Think,think,think

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I can and do keep some hurtful stuff to myself. I can be blunt and to the point, but I also think before blurting something out. People who say things and follow it with “Just Kidding”, are not joking, they fully intended to say it.

Personality types like extroverts, think out loud, and what comes to mind is spoken. As children, extroverts are often misunderstood. It appears they are asking questions they do or should know the answer to. They are just thinking out loud and we don’t have to answer everything.

When we become aware of who we are, we can then see others for who they are. So different but so alike.  If we spent as much time loving each other as we do judging each other, this planet would be a whole different experience.

We can’t change the world. However as we change, the changes also affect those around us. Today let’s start by paying it forward.

Pat

One day at a time

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An axiom of recovery is “One day at a time.”

This does not mean that we just live for today and don’t give a thought to the future. That’s a far cry from sober thought, and it is the kind of irresponsible thinking that lead to chemical use.

Responsible planning for the future is part of sobriety. “One day at a time” means that we don’t take on anything today that we can’t do anything about today. We don’t waste valuable time worrying about something that is out of our hands.

Assume you have an important exam coming up that you must pass to get a license. Before you take the exam, worrying is constructive because you can study instead of whiling away your time. However, after the exam, when you must wait for the results, worrying is destructive. All the worrying in the world will not affect the result.

You may think, “What do I do if I fail the exam?” That’s where we say, “One day at a time”. You will have time to cross that bridge if you have to. If you spend time in “constructive worrying”- that is, preparation before the exam- there will be little need to worry afterward.

Do what you can today, but if something is out of your hands, turn it over to a Higher Power. You’ll be less exhausted, as well as happier and sober.

R 😉

Tradition One

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Tradition One – “Our common welfare should come first; personal recovery depends upon A.A. Unity.”

The unity of Alcoholics Anonymous it the most cherished quality our Society has. Our lives, the lives of all to come, depend squarely upon it.

We stay whole, or A.A. dies.

Without unity, the heart of A.A. would cease to beat; our world arteries would no longer carry the life-giving grace of God; His gift to us would be spent aimlessly. Back again in their caves, alcoholics would reproach us and say, “What a great thing A.A. might have been!”

Prayer

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While praying sincerely, we still may fall into temptation. We form ideas as to what we think God’s will is for other people. We say to ourselves, “This one ought to be cured of his fatal malady” or “That one ought to be relieved of his emotional pain,” and we pray for these specific things.

Such prayers, of course, are fundamentally good acts, but often they are based upon a

supposition that we know God’s will for the person for whom we pray.

This means that side by side with an earnest prayer there can be a certain amount of presumption and conceit in us.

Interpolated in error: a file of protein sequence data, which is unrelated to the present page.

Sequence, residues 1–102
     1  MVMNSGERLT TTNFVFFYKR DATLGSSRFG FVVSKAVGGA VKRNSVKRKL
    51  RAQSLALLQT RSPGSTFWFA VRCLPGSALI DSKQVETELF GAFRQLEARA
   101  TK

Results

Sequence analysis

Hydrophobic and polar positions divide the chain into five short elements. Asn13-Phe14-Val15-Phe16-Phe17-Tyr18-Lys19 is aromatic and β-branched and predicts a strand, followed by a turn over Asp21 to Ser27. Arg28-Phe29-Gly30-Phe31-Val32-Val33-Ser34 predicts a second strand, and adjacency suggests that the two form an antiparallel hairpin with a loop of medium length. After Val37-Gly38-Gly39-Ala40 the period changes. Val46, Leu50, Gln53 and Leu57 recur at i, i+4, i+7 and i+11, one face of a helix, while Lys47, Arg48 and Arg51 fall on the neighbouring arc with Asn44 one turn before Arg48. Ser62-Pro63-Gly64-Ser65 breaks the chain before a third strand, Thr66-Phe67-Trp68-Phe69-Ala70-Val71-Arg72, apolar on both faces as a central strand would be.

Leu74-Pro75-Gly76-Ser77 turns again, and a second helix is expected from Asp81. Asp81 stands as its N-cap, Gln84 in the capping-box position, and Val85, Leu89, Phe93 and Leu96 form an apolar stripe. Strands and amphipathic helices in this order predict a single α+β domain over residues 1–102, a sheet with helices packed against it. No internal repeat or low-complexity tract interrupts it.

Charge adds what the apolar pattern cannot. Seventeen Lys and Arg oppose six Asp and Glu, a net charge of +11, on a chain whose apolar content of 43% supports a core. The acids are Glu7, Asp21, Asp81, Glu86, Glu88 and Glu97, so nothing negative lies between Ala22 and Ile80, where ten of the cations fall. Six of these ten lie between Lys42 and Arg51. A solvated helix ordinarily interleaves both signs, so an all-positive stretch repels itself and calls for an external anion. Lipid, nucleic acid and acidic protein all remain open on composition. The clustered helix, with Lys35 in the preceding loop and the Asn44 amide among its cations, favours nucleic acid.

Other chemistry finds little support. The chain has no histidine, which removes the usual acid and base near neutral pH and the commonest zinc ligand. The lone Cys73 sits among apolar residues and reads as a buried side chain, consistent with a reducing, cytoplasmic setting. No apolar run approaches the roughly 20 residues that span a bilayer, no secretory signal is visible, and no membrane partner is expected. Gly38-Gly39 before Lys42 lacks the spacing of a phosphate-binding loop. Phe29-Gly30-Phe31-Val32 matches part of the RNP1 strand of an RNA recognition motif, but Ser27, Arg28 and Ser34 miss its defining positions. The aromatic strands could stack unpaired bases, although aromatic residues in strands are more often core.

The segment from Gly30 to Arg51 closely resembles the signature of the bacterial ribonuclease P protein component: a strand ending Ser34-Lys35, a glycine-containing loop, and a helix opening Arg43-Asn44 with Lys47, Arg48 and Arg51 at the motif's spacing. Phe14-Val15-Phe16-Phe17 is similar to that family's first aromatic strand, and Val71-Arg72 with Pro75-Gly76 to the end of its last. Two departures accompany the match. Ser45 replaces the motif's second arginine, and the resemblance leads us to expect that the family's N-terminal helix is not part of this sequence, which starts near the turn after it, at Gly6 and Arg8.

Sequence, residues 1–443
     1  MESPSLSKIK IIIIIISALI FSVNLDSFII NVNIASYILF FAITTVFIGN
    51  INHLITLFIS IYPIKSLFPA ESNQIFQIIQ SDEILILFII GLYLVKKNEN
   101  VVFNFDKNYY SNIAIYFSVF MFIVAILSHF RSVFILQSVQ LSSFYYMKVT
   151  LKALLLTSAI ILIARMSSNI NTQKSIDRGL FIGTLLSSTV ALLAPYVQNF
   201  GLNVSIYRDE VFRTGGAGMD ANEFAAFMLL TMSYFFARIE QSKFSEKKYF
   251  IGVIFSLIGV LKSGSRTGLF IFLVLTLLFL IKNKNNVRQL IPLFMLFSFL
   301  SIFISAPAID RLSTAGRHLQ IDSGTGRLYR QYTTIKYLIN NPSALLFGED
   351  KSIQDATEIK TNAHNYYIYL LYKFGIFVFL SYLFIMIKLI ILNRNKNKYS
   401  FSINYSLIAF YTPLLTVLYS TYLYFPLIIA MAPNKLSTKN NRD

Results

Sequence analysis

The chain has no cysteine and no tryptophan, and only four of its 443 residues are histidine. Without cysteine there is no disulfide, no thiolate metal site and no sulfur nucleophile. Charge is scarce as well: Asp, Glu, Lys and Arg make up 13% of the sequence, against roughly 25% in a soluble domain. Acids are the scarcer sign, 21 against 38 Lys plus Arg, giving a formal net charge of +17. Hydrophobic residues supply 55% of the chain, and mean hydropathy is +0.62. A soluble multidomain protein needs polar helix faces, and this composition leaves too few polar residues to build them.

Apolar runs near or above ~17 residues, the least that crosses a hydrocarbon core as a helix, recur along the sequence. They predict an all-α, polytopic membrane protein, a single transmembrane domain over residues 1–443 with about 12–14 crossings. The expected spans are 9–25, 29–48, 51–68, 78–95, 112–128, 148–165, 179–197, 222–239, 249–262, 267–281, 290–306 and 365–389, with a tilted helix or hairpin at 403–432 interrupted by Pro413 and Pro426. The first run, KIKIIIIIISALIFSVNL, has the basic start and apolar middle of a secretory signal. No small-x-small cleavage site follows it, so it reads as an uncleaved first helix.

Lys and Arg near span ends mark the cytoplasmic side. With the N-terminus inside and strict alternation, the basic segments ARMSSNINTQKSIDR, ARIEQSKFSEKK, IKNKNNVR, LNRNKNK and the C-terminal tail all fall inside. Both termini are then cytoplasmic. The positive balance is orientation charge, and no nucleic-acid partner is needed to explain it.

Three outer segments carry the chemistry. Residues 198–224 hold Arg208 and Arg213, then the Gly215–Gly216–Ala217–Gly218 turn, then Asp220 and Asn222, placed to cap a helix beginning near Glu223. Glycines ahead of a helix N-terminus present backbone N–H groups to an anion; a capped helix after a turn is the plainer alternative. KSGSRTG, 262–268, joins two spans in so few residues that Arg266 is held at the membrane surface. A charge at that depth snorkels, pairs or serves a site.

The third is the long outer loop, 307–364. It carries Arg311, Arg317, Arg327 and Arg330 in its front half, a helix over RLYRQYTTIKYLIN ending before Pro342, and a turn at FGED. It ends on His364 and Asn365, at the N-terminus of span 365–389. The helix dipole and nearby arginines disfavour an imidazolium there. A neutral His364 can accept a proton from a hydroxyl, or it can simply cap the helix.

It is A.A.’s experience that partially in these cases we ought to pray that God’s will, whatever it is, be done for others as well as for ourselves.

12 & 12, p. 104

Self image

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There are so many of us who have grown up with a very damaged self images. Some of us came from dysfunctional homes and some of us didn’t. It doesn’t seem to matter where we learned such a low self image of ourselves, we just have it and hate or dislike ourselves.

Some of us are willing to seek a spiritual way of living and grow toward unlearning that BS (belief system) and some of us hang on with claw marks. When we have such low images of self we seem to believe we are not worthy of good things in our lives. We allow people to treat us like we think we deserve, we attract those people to us. We harm ourselves with cigarettes, alcohol, drugs, food, risky behaviour, bad destructive relationships, etc.

If and when we come to the end of ourselves and have little spark of hope that we can change, we can set aside what we believe, what we think we know and live with an open mind around others doing the same.It is amazing when we begin to change and grow toward what we were meant to be. Giving freely of ourselves and helping others, we see what is acceptable and what isn’t. We begin to attract people to us that see what we see in ourselves.

And one day, those of us who believe we could not or never would love ourselves, can look in the mirror, smile and say to self…………I love you
Patricia

Faith

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Sometimes it takes a long time for us to stop swimming against the current.

Lack of faith causes us to run our own lives, depending on self with the help of the ego. I’m not sure we were even created to do things alone. We meed others or we do it “our way”. Some of the enlightened know the truth, they rely on a higher power and share who they are and how they got here with those they trust.

We all have enlightened people in our lives. They know when to stop fighting everything and anything. It is much easier, more fun, peaceful and safer to go with the current.

Our intuition will guide us, it never fails, we will make mistakes but we learn from those experiences.

It’s all part of the human journey. Trust the path you choose.

R 😉